For many, New Year’s Day is a time of psychological rebirth. It is time to forget our past defeats and get ready to focus on new challenges. But for some people, it’s hard to put aside the past and devote full attention to capitalizing on the opportunities of the coming year. Casting aside the past can be difficult. There are many sound reasons for clinging to the past. First, we believe that we can learn important lessons by studying our past mistakes. Second, some people believe it’s impossible to shrug off the past. A common belief is that our personality, habits, and current performance are a function of our past experiences.
Third, there’s an emotional attachment to the past; if we cast our past history aside entirely, we fear we are also casting aside a vital part of ourselves, or a cherished memory. Despite these very good reasons, it’s useful to put the past behind us, especially memories or beliefs that interfere with our current functioning or future performance. Upon close examination of the reasons for clinging to the past, we find there are also good reasons for putting the past behind us, and moving forward.
It is often productive to learn from our past mistakes. That’s especially true of trading. If you keep a trading diary, it’s useful to see if your trading decisions were impulsive or emotion-driven. It is also useful to determine which trading strategies are producing profits and which ones are not, and make changes accordingly. However, there’s a tendency to think that there are more lessons to learn from our past mistakes than there really are.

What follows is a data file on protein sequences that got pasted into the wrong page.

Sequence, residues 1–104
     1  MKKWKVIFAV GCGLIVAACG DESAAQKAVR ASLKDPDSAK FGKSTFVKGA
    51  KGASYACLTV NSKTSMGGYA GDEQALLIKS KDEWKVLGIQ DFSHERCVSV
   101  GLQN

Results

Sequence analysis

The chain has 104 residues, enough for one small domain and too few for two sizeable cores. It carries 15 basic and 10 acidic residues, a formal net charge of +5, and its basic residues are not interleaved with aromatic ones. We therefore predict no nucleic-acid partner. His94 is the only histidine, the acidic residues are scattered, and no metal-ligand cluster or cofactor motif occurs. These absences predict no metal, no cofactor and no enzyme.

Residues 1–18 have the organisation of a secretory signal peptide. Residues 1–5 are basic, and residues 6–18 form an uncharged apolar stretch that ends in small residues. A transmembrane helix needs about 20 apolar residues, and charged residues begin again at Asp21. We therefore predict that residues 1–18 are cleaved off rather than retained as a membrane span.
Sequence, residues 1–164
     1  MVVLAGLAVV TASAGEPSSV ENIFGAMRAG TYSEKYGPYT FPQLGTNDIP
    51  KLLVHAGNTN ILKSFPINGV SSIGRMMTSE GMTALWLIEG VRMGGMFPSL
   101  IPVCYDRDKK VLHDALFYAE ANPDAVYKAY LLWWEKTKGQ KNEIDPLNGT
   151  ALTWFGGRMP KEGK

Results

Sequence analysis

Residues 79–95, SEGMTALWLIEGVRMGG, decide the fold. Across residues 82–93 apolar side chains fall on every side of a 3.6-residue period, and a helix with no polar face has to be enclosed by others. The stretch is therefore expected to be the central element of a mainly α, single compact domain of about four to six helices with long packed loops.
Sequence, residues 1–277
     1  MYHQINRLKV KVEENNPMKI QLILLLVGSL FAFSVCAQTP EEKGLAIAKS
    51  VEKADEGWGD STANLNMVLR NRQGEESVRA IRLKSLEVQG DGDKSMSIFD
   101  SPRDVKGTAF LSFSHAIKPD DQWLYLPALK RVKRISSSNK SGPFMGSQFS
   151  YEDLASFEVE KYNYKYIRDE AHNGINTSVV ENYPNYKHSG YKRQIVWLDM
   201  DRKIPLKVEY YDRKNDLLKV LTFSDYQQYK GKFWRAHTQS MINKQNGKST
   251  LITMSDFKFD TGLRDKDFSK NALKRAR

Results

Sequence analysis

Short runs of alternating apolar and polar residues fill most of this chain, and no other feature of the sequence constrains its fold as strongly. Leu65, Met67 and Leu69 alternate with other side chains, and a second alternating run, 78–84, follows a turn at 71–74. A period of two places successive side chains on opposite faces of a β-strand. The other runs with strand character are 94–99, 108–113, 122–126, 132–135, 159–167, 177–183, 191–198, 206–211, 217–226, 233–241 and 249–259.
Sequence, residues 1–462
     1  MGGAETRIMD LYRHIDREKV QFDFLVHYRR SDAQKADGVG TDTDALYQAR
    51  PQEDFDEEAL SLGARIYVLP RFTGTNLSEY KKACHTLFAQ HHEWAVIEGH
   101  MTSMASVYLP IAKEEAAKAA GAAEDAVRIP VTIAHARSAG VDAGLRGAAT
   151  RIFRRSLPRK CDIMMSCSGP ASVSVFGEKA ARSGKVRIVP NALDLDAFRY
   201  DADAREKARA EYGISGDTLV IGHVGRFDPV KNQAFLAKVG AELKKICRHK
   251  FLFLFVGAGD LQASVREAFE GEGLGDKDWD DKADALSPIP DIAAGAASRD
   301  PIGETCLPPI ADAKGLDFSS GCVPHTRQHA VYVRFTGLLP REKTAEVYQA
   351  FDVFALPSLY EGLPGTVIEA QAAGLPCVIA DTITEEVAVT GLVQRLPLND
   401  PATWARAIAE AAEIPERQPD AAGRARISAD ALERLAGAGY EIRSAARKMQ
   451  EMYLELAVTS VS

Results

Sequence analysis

Many people tend to mull over the past in excruciating detail, needlessly trying to find a lesson in every past mistake when there is none. It may be useful to study past mistakes, but agonizing over the past isn’t useful. A sensible rule of thumb can help you overcome this quandary: If a past mistake doesn’t have a lesson that is immediately apparent, you probably aren’t going to find it, or your psyche may not be ready to learn it.
Many times it seems impossible to just shrug off the past. After all, aren’t we the products of our past histories? Although this belief may be true to some extent, it can be limiting. If we believe we are a product of our past, it is tempting to further believe that our past dictates our future performance. But this is not necessarily true. Past performance need not dictate, or even influence, future performance.
Psychologists who study optimal performance have discovered that individuals who achieve success tend to focus on the here-and-now, the immediate experience. Focusing on the past often causes anxiety. It precludes you from paying enough attention to your immediate experience, and the opportunities for success that are immediately ahead. A strong focus on your immediate experience, the here and now, is vitally important for your trading success.
There is a deep emotional connection to the past, and this is why we are hesitant to just abandon it. But reliving the past is much like daydreaming; it’s fun to daydream, but doing too much of it is a means of escape. One tends to focus too much on getting away from living life in the moment.
And that’s what mulling over the past also seems to do. It takes us out of the immediate experience. In bad times, it helps us to remember the good. But it may be useful to just move forward, rather than find solace in the past. However grim one’s current circumstances, it’s always better to find a solution in the here-and-now and move forward.
With a new year upon us, it’s wise to put the past behind us and move forward. Think optimistically. Look at the new year as full of opportunities. Through hard work and persistence you can overcome all adversities to trade consistently and profitably.